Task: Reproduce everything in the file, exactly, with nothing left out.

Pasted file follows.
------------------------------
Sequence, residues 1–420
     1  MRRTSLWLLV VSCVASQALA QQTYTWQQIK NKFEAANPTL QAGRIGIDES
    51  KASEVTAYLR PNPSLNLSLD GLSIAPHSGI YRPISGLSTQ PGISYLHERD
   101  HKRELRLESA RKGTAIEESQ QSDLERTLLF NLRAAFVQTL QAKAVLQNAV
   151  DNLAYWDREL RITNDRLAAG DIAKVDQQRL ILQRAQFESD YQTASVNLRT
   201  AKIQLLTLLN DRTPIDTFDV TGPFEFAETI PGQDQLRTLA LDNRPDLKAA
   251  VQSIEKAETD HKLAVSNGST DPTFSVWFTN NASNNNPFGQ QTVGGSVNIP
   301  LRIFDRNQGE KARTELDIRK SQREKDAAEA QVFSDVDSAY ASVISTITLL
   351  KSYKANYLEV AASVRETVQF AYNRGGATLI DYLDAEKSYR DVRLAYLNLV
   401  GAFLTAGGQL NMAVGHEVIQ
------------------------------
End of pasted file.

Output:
Sequence, residues 1–420
     1  MRRTSLWLLV VSCVASQALA QQTYTWQQIK NKFEAANPTL QAGRIGIDES
    51  KASEVTAYLR PNPSLNLSLD GLSIAPHSGI YRPISGLSTQ PGISYLHERD
   101  HKRELRLESA RKGTAIEESQ QSDLERTLLF NLRAAFVQTL QAKAVLQNAV
   151  DNLAYWDREL RITNDRLAAG DIAKVDQQRL ILQRAQFESD YQTASVNLRT
   201  AKIQLLTLLN DRTPIDTFDV TGPFEFAETI PGQDQLRTLA LDNRPDLKAA
   251  VQSIEKAETD HKLAVSNGST DPTFSVWFTN NASNNNPFGQ QTVGGSVNIP
   301  LRIFDRNQGE KARTELDIRK SQREKDAAEA QVFSDVDSAY ASVISTITLL
   351  KSYKANYLEV AASVRETVQF AYNRGGATLI DYLDAEKSYR DVRLAYLNLV
   401  GAFLTAGGQL NMAVGHEVIQ